The Air Force secretary said Monday a continued delay in supplemental funding to repair hurricane and flooding damage at the Tyndall and Offutt Air Force Bases could result in losing 18,000 flying hours, maintenance disruptions and stops to over 60 construction projects, calling on Congress to pass a disaster relief that would supply hundreds of millions or dollars to assist reconstruction efforts.
Secretary Heather Wilson told attendees at a Meridian International Center event Monday that significant funding will also be required in the fiscal year 2020 budget for damage repair as the service continues pulling from other internal resources to fix the most pressing basing requirements.
“The Air Force is now facing a terrible situation where we had a Category 5 hurricane slam into one of our bases, and we had a flood at another of our bases. We still have not gotten the supplemental funding through to fix that,” Wilson said. “We still have not gotten the first ‘insurance payment’ to help that base recover. More than anything else right now, we need to get the supplemental [funding] because we’ve been robbing every other account across the Air Force to pay for that.”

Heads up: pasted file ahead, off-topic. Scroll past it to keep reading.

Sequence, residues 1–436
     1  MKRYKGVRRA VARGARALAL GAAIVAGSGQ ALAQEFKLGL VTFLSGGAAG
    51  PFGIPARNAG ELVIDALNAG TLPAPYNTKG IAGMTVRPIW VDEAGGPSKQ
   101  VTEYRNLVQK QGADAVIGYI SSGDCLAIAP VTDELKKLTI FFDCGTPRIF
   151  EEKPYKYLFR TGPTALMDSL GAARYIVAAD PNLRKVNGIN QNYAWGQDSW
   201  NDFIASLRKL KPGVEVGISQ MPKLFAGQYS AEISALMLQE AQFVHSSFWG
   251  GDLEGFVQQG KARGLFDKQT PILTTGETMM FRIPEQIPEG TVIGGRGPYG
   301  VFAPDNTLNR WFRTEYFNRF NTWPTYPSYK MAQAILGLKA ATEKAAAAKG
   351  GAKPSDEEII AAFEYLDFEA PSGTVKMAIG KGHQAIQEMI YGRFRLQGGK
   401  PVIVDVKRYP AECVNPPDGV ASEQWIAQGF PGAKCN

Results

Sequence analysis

Last October’s Hurricane Michael hit Tyndall Air Force Base in Florida, with Wilson adding that the panhandle of the state “still looks like a war zone.” This March, flooding at Offutt Air Force in Nebraska also caused significant damage.
The House on Friday passed a $19.1 billion disaster relief package that would include $270 million for repairs at both Tyndall and Offutt.
Air Force officials previously estimated that the service would require $1.2 billion in supplemental funding to fully address the damage.
Wilson told reporters following the event she was hopeful the Senate will pass the disaster relief bill.
“I don’t remember a disaster of this magnitude where the Congress didn’t act,” Wilson told reporters. “There is a significant amount of Tyndall money that will be required in the 2020 budget, particularly military construction money. There’s no way to get contracts in place for major military construction in the remainder of the year.”
Without the supplemental funding through the end of this fiscal year to repair damage, the Air Force would lose the thousands of flying hours, slow down maintenance, and halt certain unspecified aircraft refurbishment efforts, according to Wilson.
The lack of funding could also cause 61 construction projects to stop across 18 states, Wilson added.